This teenage prodigy was nominated for the Nobel Peace Prize for her perseverance in the fight for the environment. If she won this award, she would become the youngest person to receive it, overtaking Malala Yousafzai, winner of the prize at just 17 years old in 2014.

Greta was diagnosed with Asperger’s in 2015. In relation to this disorder, the Aspergers Argentina Association clarifies:

“It is a condition of neurodevelopment, a variation of development that accompanies people throughout their lives. It influences the way they give meaning to the world, processes information and relates to others.”

“Aspergers was included among the Generalized Developmental Disorders (TGD) and is currently incorporated into the Autism Spectrum Disorders (ASD).”

This condition and its difficulties in socialization were not an obstacle for the adolescent activist to work to raise awareness about the damage caused to the environment. On August 31, she added the following text to her Twitter account:

“When those who hate persecute you because of your appearance and differences, it means that they have lost their way… And then you know that you are winning! I have Aspergers and that means that sometimes I am a little different from the norm. And, in certain circumstances, being different is a superpower.”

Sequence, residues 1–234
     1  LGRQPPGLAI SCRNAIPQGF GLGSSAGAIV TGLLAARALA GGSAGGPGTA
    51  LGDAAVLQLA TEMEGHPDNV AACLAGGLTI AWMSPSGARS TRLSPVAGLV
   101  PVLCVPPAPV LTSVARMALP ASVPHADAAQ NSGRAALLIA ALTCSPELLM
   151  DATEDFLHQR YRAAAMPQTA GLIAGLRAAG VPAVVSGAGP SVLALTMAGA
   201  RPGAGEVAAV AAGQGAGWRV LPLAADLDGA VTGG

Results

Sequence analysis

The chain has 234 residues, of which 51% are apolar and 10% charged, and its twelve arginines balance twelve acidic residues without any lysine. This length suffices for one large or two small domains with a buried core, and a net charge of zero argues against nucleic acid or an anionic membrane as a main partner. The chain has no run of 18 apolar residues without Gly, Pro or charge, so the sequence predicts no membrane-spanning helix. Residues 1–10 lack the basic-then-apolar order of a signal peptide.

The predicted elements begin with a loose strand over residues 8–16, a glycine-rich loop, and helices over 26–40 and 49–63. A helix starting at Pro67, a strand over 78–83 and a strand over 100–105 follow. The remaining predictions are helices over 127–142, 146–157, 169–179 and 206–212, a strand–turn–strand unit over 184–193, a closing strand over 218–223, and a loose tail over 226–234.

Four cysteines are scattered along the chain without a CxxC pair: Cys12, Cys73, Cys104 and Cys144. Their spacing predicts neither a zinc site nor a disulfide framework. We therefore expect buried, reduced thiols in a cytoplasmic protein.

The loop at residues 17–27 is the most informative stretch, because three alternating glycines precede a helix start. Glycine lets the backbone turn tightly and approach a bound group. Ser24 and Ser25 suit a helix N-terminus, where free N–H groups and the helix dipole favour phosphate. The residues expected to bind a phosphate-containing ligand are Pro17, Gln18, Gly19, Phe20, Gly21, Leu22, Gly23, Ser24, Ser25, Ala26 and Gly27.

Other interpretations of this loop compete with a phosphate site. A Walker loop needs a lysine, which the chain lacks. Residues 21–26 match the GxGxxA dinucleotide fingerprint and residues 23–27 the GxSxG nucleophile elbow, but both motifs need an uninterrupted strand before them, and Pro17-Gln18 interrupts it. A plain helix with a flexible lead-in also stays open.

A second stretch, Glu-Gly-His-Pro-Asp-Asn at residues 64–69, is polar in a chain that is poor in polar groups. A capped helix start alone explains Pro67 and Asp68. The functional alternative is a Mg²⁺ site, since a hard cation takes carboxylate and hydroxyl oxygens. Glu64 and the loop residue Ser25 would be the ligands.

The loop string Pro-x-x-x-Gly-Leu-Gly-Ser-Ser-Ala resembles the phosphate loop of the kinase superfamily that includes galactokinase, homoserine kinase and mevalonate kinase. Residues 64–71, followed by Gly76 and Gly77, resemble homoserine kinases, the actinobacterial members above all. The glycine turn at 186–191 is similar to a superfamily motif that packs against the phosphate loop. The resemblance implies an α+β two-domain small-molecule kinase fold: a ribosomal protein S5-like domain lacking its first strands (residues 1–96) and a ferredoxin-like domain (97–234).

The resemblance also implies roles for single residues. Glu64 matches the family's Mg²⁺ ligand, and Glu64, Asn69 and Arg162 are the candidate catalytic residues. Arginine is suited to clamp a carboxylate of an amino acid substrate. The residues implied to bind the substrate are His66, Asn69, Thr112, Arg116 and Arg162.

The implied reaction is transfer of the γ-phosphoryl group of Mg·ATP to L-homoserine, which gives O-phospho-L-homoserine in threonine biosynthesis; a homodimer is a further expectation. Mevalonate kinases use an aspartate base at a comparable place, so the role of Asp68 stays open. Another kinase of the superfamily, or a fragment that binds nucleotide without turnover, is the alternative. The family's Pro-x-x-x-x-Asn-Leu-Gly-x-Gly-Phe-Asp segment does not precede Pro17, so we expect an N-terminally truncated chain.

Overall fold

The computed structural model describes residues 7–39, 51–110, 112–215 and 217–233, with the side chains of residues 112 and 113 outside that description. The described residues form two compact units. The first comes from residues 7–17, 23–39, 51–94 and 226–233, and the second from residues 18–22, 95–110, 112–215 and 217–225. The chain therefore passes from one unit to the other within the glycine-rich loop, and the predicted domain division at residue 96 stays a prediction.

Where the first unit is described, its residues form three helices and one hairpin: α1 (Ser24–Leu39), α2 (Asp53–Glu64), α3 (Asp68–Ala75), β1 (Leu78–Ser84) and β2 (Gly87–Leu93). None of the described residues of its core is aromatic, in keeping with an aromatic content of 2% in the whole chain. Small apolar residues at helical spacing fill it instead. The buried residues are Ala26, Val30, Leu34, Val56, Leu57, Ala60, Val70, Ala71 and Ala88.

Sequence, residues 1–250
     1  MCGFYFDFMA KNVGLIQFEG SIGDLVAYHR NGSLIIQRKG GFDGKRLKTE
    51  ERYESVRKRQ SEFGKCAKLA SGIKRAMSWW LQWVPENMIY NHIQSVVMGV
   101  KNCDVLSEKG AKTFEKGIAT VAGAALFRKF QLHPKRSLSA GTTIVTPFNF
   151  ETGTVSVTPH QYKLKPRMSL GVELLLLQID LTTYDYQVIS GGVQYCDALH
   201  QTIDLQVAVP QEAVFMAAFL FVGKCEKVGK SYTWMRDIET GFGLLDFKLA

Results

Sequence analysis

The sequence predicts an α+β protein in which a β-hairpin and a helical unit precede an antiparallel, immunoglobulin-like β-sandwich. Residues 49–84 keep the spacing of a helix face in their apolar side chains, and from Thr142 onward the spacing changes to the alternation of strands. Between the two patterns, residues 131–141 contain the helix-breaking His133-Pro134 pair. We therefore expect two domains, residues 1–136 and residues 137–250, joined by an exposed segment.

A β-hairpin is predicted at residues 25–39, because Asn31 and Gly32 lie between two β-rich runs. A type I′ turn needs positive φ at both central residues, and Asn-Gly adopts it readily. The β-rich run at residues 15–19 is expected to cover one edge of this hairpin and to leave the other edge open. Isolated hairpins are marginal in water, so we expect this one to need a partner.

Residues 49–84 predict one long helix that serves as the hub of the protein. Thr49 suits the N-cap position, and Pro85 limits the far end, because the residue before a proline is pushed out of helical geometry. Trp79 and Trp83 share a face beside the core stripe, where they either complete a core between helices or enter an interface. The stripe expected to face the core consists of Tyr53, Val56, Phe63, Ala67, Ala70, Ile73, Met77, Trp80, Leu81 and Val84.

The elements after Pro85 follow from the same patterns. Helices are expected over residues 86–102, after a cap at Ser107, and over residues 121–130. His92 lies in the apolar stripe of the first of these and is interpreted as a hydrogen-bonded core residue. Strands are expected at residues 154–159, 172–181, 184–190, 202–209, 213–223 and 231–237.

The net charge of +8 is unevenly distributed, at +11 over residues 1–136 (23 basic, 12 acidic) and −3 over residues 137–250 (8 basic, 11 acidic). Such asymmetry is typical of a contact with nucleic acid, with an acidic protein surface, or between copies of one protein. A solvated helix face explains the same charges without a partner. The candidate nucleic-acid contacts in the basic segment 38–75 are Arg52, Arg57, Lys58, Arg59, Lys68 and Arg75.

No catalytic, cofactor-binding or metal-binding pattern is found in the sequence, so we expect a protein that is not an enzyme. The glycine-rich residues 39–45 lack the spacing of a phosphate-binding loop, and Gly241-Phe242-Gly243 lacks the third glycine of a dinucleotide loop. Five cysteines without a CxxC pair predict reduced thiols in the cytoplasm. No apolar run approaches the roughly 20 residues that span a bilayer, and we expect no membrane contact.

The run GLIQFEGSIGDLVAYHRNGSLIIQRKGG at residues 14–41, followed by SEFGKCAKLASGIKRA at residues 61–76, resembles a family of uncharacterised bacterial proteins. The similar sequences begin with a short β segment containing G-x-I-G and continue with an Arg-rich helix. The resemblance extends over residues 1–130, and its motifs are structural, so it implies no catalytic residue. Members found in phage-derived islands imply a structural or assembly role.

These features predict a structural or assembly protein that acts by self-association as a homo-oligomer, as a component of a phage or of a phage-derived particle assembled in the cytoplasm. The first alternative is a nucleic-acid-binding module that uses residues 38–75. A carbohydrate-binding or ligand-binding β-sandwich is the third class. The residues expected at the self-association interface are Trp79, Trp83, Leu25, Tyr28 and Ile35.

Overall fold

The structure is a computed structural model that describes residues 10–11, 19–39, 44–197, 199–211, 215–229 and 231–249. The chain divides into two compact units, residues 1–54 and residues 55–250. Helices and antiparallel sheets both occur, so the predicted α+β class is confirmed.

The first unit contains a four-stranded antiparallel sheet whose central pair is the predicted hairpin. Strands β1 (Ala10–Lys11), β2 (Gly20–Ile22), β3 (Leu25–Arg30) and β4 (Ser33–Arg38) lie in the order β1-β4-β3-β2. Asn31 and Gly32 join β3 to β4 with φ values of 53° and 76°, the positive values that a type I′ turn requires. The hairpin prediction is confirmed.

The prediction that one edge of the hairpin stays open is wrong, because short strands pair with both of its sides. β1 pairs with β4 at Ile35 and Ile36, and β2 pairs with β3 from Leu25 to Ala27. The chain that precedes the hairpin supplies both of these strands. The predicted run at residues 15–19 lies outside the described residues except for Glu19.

The passion that moves her for the cause of saving the planet has aroused the admiration and respect of many, even revolutionized the networks when a #AspiePower hashtag went viral, that summoned all those who have the disorder to discover their talent.

The active participation of Greta in the Summit for Climate Action at the UN attracted the attention of the world. It was a very eloquent and passionate speech that greatly moved the attendees.

“They have stolen my dreams and my childhood with their hollow words, and yet I am one of the luckiest. People are suffering, people are dying, entire ecosystems are collapsing. We are at the beginning of a mass extinction, and the only thing you can talk about is money and fairy tales of eternal economic growth. How dare they?”

Everyone in the UN auditorium directed their applause at the defiant young woman, but Greta, with a content cry, long blonde braid and pink cheeks proved that difference can also be a super-power. The activist has become a symbol of the fight against climate change.